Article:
All that said, this is a superb piece that takes you right up to Teds trial and beyond. Read as a companion piece to Ted Bundy: Conversations with a Killer by stephen Michaud and Hugh Aynesworth, you will have as clear a picture as you can get on a fascinating story.
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on 21 October 2015
I'm not sure if I'd call this a true crime classic. I think one of the problems with writing the definitive Ted Bundy book is the fact that none of the authors really know all the details of his crimes. It seems he was only completely honest with Bob Keppel and save for a few details Keppel will likely take it to his grave. The absence of the really horrifying details is a problem for any true crime book in my opinion. Not just because those details help us to really imagine what the killer experienced but also what the police experienced. Even though she had connections to the police and knew some of the people working the case she's chosen to focus primarily on her perspective. The parts that don't somehow involve her feel slightly half hearted. I do wish more emphasis was put on the police's perspective instead of hers. Where this book really scores is the unique fact that Ann Rule had known Bundy prior to his capture and corresponded with him in prison. You wont get much insight into the real Ted because he kept that largely hidden but her first hand descriptions of the man he portrayed and the one she knew as a smart and kind man is fascinating. You won't get insight like that in any other book on Bundy. How valuable that is to the overall picture is for you to decide but her friendship with him has definitely affected how Rule has written this book.

There may be other books on Bundy worth reading (they may even be better as true crime books) but even though Rule's proximity to the events have not necessarily been good for this as a true crime book it does mean it's essential. I know Keppel wrote a book about The Green River killer and how Bundy assisted him in profiling the killer. I haven't read it yet and I doubt Keppel disclosed much of Bundy's hours of confessions to him in it but it might also be invaluable.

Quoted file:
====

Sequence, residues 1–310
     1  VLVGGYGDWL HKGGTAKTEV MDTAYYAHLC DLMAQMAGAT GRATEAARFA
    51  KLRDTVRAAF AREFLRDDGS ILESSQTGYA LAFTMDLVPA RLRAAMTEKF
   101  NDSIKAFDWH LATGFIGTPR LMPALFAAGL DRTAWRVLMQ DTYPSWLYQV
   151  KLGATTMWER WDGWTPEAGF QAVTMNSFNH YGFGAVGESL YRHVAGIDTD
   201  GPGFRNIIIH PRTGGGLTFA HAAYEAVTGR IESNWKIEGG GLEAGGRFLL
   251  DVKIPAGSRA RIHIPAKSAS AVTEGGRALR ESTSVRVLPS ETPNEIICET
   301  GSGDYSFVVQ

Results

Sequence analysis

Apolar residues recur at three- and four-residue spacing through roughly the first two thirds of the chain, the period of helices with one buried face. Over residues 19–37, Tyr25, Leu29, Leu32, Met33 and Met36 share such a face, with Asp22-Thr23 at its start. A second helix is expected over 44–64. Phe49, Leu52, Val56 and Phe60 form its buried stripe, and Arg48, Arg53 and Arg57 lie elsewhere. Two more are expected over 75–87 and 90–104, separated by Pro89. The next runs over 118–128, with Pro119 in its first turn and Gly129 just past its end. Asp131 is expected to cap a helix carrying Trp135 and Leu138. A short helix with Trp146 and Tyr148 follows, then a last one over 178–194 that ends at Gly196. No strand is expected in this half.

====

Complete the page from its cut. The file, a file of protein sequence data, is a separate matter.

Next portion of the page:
There's just a few other points I'd like to make. The title of the book and the cover are both terrible. They make it seem more like a romance novel. The other thing is the print quality wasn't great. It's often hard to read.
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on 27 February 2007
I first read " The Stranger Beside Me " 17 years ago . I cannot believe it was that long ago when I was a young pup just getting interesting in the world of true crime and upon opening the cover of the latest edition of " Murder Casebook" magazine - discovered the world of Ted Bundy. I had never heard of him before but I was totally blown away by his story and over the years everyone else that I passed it on to felt the same. I recently read the updated edition , I couldnt put book down and finished it in a fortnight. I highly recommend this book to anyone who wants the definative account of the Ted Bundy case. I can also recommend " The Only Living Witness " aswell. All I need to do now is get my hands on " Defending the Devil " by Polly Nelson & " The Phantom Prince " by Liz kendal . Others to look out for are " The Deliberate Stranger " Richard Larson & " Conversations with a killer " ( a continuation of the " Only Living Witness" book I believe. Whether its a sin of not - I cant read enough about Ted.

Check out Anne Rule's " Green River , Running Red " too - about the Green River Killer - Gary Ridgeway - excellent.
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on 11 July 2005
This is one of the most facinating book ever written about Ted Bundy. I started reading Ann Rule ten years ago and I think this is the best book she has ever written. That is saying something because all her books are brilliant.
She brings to life the terrifing time which Ted Bundy held the USA in his hand and it shows her thoughts and emotions when she came to the realisation that her close friend was .....